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      May 1, 2013 12:04 PM

      sadly, i don't care anymore.

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        May 1, 2013 1:59 PM

        You are not alone.

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        May 1, 2013 2:17 PM

        Yeah, I haven't cared for a while but lately I hardly even pay attention. I'm kind of hoping the series will just die off and something new can take it's place.

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        May 1, 2013 2:19 PM

        (ye ye)

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        May 1, 2013 2:26 PM

        It's not even sad. They don't deserve our continued support if they're unwilling to work for it.

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        May 1, 2013 2:49 PM

        Am I cooler than you for never caring? Because I think so.

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          May 1, 2013 2:58 PM

          No, the original CoD was an incredible game. You have to know the exact right point in the series to stop caring in order to maximize coolness.

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            May 1, 2013 3:42 PM

            But then someone will say 4 and another hipster will come out and say that 2 was the apex of the series. It will end in tears.

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            May 2, 2013 1:36 AM

            It was most certainly after the first Modern Warfare. That game was fresh, original, had good multiplayer with dedicated was damn awesome.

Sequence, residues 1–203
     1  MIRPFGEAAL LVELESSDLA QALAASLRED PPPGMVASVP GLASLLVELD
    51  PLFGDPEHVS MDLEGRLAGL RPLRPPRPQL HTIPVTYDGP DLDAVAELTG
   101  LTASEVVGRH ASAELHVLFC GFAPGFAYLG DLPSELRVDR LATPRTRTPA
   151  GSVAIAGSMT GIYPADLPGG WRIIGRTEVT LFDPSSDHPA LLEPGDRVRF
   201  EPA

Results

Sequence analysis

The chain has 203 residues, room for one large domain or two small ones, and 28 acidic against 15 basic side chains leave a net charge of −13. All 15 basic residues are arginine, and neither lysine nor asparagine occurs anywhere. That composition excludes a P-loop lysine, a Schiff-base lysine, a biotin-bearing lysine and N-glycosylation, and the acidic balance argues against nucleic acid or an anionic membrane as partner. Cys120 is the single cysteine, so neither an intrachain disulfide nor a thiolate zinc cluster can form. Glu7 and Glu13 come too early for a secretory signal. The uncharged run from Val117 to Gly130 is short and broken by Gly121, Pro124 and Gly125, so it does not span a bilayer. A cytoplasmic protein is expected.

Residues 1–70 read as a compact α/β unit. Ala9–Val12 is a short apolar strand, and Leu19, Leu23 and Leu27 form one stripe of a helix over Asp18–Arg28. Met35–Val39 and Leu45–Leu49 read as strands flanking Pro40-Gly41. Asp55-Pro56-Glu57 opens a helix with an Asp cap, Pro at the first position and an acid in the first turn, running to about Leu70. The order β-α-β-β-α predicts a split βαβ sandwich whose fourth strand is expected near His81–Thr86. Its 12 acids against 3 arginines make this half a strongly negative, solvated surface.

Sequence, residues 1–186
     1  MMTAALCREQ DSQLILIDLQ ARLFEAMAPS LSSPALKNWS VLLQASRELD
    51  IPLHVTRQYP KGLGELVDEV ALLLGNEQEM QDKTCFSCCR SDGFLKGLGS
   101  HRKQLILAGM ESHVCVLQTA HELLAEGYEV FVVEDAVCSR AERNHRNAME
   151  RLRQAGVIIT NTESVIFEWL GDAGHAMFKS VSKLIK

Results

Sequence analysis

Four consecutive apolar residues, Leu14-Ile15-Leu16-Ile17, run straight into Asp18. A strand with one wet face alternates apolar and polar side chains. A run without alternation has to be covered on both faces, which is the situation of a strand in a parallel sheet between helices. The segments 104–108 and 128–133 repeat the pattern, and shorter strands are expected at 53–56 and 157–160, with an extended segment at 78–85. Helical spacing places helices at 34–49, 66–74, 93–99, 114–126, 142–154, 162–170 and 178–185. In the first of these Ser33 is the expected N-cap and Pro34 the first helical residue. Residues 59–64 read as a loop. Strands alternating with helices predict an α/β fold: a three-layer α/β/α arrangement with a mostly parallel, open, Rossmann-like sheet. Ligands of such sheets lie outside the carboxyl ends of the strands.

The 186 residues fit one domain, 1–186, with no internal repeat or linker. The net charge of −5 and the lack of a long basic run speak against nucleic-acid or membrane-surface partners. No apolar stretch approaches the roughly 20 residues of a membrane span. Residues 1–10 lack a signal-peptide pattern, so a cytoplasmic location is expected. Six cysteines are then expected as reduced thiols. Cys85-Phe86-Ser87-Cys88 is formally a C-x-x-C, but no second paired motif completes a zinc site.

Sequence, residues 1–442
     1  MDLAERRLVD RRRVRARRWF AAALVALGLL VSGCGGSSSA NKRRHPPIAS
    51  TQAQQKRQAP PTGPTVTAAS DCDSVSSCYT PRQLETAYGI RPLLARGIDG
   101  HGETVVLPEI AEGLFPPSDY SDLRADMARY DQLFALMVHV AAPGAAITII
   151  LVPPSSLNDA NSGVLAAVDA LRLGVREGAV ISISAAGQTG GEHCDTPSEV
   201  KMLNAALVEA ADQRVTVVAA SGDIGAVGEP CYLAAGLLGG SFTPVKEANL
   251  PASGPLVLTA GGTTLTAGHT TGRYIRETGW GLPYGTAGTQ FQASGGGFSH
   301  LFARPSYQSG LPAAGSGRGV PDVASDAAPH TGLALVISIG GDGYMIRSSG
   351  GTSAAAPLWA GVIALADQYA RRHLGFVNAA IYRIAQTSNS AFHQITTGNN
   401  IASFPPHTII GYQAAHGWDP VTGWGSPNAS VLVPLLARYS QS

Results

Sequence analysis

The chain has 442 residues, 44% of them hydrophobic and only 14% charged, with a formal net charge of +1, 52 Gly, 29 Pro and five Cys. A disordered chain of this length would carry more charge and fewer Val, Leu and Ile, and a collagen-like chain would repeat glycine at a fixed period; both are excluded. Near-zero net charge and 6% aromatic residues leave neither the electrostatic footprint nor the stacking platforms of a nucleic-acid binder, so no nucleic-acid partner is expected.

After that one...I just stopped giving a shit about CoD. It's a gamer for non-gamers/wannabes/poser-nerds.

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            May 2, 2013 10:05 AM


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        May 1, 2013 2:53 PM

        I think I'd care if I wasn't busy enjoying Battlefield 3

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        May 1, 2013 2:56 PM


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        May 1, 2013 3:29 PM

        This is actually the first CoD title I'm generally interested in.

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        May 2, 2013 2:15 AM

        I stopped after Black Ops.

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      May 1, 2013 2:59 PM

      I stopped at Black Ops. It was pretty good

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      May 1, 2013 3:41 PM

      I'll think of CoD having the same effect on PC keyboard and mouse FPSes as adventure gamers felt that Myst had on their genre.

      - MW2 killed off mods and dedicated servers, and most other devs followed suit.